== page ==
LAX Drug-Sniffing Beagle Turns in His Badge

LOS ANGELES -- After an eight-year career of sniffing out drugs and other contraband at LAX for U.S. Customs and Border Protection, a beagle named Shiloh will retire Tuesday to the relaxing life of a house pet.

"Shiloh is the most experienced beagle at Los Angeles International Airport, and is a high performer," said Kevin Weeks of CPB's Office of Field Operations, Los Angeles. "He has served exceptionally well, and will be missed."

Customs officials will throw a retirement party Tuesday at LAX for Shiloh, who will be adopted by his handler to be a house dog, Weeks said.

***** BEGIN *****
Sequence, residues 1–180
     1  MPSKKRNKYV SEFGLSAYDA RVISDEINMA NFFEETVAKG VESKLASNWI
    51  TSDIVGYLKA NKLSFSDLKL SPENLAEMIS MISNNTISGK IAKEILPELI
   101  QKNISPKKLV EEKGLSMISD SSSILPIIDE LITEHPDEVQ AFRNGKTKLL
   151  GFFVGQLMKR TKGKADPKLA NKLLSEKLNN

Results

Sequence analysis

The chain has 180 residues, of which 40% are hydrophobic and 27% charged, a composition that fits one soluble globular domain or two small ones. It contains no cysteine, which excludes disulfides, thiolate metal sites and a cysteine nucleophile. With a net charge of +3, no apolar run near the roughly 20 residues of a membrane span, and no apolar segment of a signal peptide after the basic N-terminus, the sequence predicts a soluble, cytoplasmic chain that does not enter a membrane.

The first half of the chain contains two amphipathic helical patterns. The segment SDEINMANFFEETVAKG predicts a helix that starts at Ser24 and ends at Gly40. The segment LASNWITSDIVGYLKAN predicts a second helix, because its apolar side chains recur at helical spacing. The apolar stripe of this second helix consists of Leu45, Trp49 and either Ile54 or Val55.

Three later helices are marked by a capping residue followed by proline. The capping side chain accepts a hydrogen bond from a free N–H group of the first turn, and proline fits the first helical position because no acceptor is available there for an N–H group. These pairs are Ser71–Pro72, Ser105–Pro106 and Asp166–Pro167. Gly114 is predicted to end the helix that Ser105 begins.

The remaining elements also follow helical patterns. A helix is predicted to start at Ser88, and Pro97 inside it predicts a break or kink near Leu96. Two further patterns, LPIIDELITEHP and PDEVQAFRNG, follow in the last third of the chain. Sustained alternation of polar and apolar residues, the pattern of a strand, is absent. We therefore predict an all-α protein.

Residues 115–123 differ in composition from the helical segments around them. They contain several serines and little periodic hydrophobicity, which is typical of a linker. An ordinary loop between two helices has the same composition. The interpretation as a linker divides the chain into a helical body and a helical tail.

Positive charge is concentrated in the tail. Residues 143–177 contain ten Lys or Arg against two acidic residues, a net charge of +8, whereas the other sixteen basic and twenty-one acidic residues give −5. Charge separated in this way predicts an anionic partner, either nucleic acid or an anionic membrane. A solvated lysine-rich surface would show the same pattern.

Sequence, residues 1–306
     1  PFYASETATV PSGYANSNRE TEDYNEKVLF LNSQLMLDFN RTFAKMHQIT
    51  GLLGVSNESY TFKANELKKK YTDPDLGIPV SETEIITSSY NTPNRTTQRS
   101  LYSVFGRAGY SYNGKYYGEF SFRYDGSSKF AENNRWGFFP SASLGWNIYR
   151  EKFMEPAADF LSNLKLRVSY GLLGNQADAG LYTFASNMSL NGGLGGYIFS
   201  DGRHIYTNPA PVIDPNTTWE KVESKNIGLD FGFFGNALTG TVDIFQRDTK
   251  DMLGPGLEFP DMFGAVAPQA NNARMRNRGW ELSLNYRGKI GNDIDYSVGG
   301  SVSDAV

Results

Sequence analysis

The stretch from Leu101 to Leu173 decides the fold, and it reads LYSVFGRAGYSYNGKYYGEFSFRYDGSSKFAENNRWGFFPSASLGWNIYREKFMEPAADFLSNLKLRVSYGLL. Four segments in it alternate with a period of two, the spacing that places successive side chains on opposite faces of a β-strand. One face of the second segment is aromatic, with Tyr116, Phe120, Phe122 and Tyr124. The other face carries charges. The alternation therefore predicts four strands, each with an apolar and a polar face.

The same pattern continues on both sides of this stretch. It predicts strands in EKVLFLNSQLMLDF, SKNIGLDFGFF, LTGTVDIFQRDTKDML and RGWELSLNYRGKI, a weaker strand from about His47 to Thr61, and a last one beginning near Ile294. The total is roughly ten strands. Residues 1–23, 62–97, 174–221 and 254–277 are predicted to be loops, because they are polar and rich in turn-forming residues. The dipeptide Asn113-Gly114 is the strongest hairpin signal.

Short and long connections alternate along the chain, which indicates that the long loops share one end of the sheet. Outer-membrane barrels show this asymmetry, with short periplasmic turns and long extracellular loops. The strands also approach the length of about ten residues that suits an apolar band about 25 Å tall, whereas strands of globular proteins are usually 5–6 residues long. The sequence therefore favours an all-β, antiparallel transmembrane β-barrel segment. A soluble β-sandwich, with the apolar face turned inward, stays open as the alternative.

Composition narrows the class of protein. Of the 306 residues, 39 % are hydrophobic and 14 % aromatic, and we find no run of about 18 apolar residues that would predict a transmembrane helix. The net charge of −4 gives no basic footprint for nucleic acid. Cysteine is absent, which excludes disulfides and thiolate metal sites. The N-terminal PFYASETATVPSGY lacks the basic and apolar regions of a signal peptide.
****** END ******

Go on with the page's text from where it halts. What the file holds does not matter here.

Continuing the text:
Shiloh was trained to detect illegal drugs, as well as prohibited agricultural products such as fruits, vegetables and meats that may carry pests or diseases. Over his career, Shiloh has detected more than 20,000 prohibited agriculture items, officials said.

Shiloh became known as "Khat Dog" for his many interceptions of khat, a stimulant that is an illegal drug in this country. Last month, he detected about 70 pounds of the substance, Weeks said.

Weeks said beagles were chosen as agriculture-detection dogs because of their strong sense of smell and their gentle nature with people.

In 1984, LAX became the first airport to use beagles to detect prohibited agriculture products on passengers and luggage arriving on international flights, Weeks said.

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